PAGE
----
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My sister Serena with me in spirit, maintains Venus

 

By Eleanor Crooks

Venus Williams can feel sister Serena fighting alongside her as she tries to keep the Wimbledon title in the family.

The sisters have won seven of the last 10 titles between them at the All England Club, with Serena claiming five and Venus two.

But Serena was unable to compete for her third success in a row as she awaits the birth of her first child back home in Florida.

Also absent is the sisters' father Richard, whose dream it was to see them winning Grand Slams.

"They're definitely here with me," said Venus after a 6-3 7-5 win over French Open champion Jelena Ostapenko in the quarter-finals. "Even if it's not physically. That is one thing I do know. They're fighting right alongside me."

Ostapenko was only a few weeks old when Williams, the oldest semi-finalist since Martina Navratilova in 1994, made her Wimbledon debut 20 years ago.

The 37-year-old, who now faces British star Johanna Konta in tomorrow's semi-final, has not won a Grand Slam crown since lifting the Venus Rosewater Dish for the fifth time nine years ago.

But she has been getting closer, reaching the semi-finals here 12 months ago and then losing to sister Serena in the final of the Australian Open in January.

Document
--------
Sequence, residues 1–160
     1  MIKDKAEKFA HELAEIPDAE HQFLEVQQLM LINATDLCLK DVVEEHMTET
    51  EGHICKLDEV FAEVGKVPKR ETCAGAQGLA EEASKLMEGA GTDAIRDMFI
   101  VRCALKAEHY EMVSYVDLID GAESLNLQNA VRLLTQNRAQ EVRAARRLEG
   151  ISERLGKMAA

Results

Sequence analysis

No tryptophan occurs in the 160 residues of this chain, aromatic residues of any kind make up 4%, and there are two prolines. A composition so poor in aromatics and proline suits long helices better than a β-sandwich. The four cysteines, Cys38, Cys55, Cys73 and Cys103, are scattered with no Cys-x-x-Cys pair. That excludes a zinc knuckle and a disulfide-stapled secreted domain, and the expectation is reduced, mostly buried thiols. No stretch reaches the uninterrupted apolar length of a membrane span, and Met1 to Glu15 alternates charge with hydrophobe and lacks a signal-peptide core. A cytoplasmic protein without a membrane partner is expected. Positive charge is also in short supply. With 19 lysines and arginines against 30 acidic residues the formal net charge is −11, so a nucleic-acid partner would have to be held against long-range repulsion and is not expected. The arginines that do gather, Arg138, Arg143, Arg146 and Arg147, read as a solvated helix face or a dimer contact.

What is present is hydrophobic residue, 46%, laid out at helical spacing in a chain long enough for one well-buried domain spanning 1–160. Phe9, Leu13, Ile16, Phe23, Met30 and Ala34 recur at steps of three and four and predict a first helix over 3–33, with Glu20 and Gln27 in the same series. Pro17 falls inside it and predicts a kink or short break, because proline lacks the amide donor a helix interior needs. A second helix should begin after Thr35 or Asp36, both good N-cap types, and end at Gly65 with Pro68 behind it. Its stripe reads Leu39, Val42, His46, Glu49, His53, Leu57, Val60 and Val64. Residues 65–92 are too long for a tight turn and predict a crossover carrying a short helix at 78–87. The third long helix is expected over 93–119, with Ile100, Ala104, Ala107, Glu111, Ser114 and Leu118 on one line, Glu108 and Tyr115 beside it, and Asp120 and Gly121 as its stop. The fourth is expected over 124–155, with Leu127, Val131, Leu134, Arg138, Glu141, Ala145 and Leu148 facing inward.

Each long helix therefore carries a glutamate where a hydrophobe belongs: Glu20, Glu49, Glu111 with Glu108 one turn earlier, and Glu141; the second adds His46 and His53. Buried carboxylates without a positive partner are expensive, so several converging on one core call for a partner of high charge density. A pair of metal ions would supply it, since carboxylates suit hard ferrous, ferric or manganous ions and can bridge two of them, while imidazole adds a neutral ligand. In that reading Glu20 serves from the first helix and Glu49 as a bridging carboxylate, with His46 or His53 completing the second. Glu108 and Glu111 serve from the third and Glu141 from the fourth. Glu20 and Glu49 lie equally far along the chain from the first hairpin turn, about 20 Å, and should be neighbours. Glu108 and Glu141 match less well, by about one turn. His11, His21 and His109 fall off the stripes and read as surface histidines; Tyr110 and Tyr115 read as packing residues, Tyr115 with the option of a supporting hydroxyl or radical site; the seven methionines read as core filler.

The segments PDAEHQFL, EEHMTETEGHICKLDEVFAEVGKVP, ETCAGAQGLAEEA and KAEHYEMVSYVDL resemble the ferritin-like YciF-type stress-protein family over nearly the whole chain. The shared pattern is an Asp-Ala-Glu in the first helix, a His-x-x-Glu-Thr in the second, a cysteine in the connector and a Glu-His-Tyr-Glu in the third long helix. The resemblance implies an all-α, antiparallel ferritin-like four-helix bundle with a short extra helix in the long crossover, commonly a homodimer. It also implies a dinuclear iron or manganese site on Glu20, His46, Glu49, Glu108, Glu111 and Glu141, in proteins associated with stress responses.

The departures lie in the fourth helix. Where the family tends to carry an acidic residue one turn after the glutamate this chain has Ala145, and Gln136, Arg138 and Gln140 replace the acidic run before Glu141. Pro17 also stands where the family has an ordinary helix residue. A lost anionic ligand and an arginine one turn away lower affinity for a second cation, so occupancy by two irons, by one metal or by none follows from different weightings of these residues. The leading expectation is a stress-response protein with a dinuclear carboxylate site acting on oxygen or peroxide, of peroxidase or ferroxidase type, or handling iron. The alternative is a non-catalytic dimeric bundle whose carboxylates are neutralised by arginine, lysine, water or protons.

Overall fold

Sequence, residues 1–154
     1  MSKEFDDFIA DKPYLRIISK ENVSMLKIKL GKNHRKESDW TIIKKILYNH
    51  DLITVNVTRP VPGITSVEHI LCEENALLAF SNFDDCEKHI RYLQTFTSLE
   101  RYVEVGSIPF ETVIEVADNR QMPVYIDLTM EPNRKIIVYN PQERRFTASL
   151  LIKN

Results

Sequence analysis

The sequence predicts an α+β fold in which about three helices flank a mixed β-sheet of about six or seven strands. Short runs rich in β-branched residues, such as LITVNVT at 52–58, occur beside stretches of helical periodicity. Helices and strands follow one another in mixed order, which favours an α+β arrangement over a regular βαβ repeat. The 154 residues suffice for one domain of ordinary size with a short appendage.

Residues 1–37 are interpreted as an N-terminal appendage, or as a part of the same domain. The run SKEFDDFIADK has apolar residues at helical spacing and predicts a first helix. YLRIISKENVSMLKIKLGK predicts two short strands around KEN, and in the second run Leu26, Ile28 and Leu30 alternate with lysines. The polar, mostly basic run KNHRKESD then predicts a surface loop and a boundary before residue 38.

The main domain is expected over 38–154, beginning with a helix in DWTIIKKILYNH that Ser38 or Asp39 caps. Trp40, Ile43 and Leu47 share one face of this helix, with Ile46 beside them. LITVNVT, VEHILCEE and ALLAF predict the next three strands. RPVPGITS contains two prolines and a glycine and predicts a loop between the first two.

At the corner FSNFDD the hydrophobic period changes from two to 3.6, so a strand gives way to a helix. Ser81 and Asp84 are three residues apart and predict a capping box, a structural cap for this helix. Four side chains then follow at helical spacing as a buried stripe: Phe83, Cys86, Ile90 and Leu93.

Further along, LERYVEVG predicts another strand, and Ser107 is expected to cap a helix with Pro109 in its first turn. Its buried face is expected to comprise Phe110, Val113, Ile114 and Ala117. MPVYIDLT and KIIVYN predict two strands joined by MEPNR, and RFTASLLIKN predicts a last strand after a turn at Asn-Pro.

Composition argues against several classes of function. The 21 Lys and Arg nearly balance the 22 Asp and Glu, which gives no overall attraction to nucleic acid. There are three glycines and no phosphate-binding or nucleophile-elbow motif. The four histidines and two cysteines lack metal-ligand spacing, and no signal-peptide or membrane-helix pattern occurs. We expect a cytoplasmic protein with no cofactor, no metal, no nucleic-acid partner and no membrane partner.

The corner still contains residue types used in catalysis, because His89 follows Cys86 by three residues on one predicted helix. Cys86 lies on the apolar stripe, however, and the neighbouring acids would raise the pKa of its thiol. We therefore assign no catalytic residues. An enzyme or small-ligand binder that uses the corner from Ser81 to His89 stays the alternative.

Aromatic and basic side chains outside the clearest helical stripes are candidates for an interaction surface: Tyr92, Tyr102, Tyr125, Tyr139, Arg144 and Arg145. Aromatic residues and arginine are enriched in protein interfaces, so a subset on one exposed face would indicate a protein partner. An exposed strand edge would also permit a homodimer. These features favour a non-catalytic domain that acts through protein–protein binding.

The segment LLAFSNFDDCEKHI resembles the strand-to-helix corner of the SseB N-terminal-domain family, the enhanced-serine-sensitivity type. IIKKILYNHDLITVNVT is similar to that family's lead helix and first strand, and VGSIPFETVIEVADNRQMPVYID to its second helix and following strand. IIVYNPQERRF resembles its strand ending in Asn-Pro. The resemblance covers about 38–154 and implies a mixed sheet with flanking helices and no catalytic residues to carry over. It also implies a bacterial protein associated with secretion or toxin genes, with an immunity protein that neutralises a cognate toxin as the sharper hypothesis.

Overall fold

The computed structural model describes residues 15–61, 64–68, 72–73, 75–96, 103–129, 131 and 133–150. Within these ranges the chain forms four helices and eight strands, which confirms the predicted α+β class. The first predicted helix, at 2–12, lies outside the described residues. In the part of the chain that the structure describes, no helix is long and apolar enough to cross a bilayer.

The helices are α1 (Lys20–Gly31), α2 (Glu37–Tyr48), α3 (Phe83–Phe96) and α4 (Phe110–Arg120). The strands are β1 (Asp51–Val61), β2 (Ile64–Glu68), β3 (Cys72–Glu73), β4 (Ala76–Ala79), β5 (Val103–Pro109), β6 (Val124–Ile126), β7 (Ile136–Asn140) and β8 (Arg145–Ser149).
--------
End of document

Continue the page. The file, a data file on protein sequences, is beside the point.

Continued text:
Should she win the title on Saturday, Venus would overtake her sister as the oldest female Grand Slam singles champion in the open era.

"I love it," she said. "I try really hard. There's no other explanation. You do your best while you can. That's what I'm doing.

"I love the challenge. I love pressure. It's not always easy dealing with the pressure. It's only yourself who can have the answer for that.

"I love the last day you play, you're still improving. It's not something that is stagnant. You have to get better if you want to stay relevant."

Ostapenko was the junior champion here only three years ago and would certainly have been more fancied to make her Slam breakthrough on grass than clay until her stunning triumph at Roland Garros.

Backing up that sort of out-from-nowhere triumph is difficult, but the fearlessness of youth has served Ostapenko well and appears to have paid little attention to the expectation.

Williams won the first three games and held onto her advantage to claim the opening set before moving 3-1 ahead in the second. Back came Ostapenko, but the Latvian could not find the right balance of winners and errors, and Williams won the final three games.

"I know she had to be feeling confident," said Williams. "She played a great match, not a lot of errors. I was really happy to come out on top."

Ostapenko praised her opponent and admitted she found the Williams serve hard to deal with.

"She was playing well," said the Latvian. "She was serving well. I didn't start the match very well. I was missing a little bit.

"Because of that, I had more pressure because I had to keep my serve. I was not playing bad, but I was just not playing the way I wanted to play. I wasn't serving so well. But I hope we'll play more matches and I can perform better."

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